In a very awesome and useful display of the innovative genius that we've come to expect from Android developers and modders, Interaction Designer (how awesome does that sound?) Michael Fretz and his team have come up with a bicycle navigation system that can only be described as ingenious. The awkwardly named Punkt.Fizen is a truly creative, original idea that utilizes the power of the Android platform and the versatility of the Arduino.

When I first read about the idea, I wasn't too sure about it but, after reading the intro and description, I got interested:

How does one orient oneself while biking, for example as a tourist? You certainly will read traffic signs, ask people for direction or use a tourist-map. But at least the last example will force you to stop the bike. How could we provide a navigation, where the flow remains undisturbed?

The user will need a very unimposing feedback where to go.

Punkt.Fizn is an Android and Arduino powered bike navigation system. Unlike most navigation systems we didn’t focus on a display. Instead directions will be given only through vibrations in the handlebars. Riding a bike with Punkt.Fizn is like knowing your way already.

If that wasn't intriguing enough, there is a video as well that illustrates the very simple but effective navigation method in action:

While the idea is still fairly new and in the prototype stages, it looks quite promising. I wouldn't be surprised to see these on store shelves (relatively) soon, whether done by Michael or someone else with a similar idea. I know several people who would personally benefit from this idea and, to be honest, this is exactly cool enough for me to dust off my bicycle and start using it as a main means of conveyance.  I'd be really excited if this product went mainstream and I hope this drives (heh) other designers and inventors to try and match this level of creativity and intelligent implementation.

Update: We reached out to Michael for a comment regarding the future of this device, but his reply was a little disheartening - he would love to make it into a real product but is lacking any means to do so. If you know someone who can help Michael out and connect him to manufacturers, be sure to contact him in the source link below.

Source: Michael Fretz [Thanks, Michael! Keep it up!]

Brad Ganley
An Android power user, Brad consumes most of his free time with unhealthy amounts of cell phones and cell phone related things when he isn't playing with his son. Brad is also an avid movie-watcher and tea-drinker.
  • ODC

    Not a bad idea... I would opt for a combination wíth a display (or even lighted arrows), over just the vibrating handles... How many times doesn't it happen that you ride with one hand - you could miss the vibrating directions that way...

    Cool idea otherwise!!

  • Matze

    I love Germany -.- video is not available in your country...uh...

  • Daniel

    Android GPS isn't really good enough on most devices for this to be a practical use case. If Android GPS were good enough, there's still significant battery life issues when running the Google Navigation app; in this video, the phone's battery of this cyclist would have been drained by at least a quarter if not by half in the time it took him to get to his destination.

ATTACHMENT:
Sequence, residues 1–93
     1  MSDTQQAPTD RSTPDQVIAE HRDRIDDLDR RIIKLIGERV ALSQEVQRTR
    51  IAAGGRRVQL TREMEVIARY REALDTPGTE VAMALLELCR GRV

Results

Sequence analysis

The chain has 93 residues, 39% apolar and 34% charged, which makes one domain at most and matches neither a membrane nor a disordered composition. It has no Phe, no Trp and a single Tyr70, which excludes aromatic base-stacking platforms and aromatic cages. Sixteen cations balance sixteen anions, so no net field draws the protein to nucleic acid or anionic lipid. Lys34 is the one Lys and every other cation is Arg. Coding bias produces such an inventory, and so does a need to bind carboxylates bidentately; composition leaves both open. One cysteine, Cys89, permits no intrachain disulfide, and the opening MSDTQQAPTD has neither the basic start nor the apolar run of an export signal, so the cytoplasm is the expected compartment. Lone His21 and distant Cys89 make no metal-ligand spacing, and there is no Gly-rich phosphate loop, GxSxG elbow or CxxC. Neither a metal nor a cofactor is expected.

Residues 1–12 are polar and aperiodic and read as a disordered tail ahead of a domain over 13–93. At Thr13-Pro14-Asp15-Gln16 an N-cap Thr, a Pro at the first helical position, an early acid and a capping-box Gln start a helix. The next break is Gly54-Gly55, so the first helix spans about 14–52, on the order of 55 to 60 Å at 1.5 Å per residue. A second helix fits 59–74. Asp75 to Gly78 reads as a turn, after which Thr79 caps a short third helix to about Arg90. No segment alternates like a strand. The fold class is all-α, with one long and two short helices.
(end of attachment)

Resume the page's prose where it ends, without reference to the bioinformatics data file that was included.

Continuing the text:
• ODC


      2.3 is said to improve battery performance. I hope that also means you can use GPS now without draining the battery within half an hour, because that's absurd...
      Waiting for my Desire to notify me of a system upgrade... but assuming it'll be late Q1 at best... :-S

    • http://www.focuszonedevelopment.com/ Aaron

      You're not thinking big enough then.

      Bikes are a powerhouse of kinetic energy. Add a mechanism to harness the energy of the rotating wheels and/or chains and voila! No more battery life concerns while using your phone in this mode. It's almost quite literally the same approach as the hamster wheel gimmick.

      • Aqeel

        The already have fans and solar panels that attach to the handlebars of your bike to charge your phone or iPod. My dad has one and they're quite nifty. http://www.hymini.com/

  • Deon

    I'm confused. This "idea" is simply to vibrate the handle to tell the user which direction to turn? Instead of voice navigation, it just vibrates the handles so he knows to turn? Seems relatively simple, why wouldn't the cyclist just use bluetooth headphones to hear the turn-by-turn directions?

  • DarkEmeralds

    Elegant idea. I agree that to be practical it needs a Dahon-Biologic style dynamo charger connection.

    Also, when Google navigation can access the bike layer of Google Maps, this will be sweet. Until then, whether visually on screen, by voice nav, or by this cool vibration in the hand grips, it can still direct me onto freeways, just as it would a car.

  • tony

    yeah great idea but i would personally prefer blinker type indication which would be led lights powered by the dynamo that also charges the phone. the blinkers to be located in the handlebar either side coming out of the tube would also give clear indication to motorist's. yes i too ride without holding handlebars at times.
    regards tony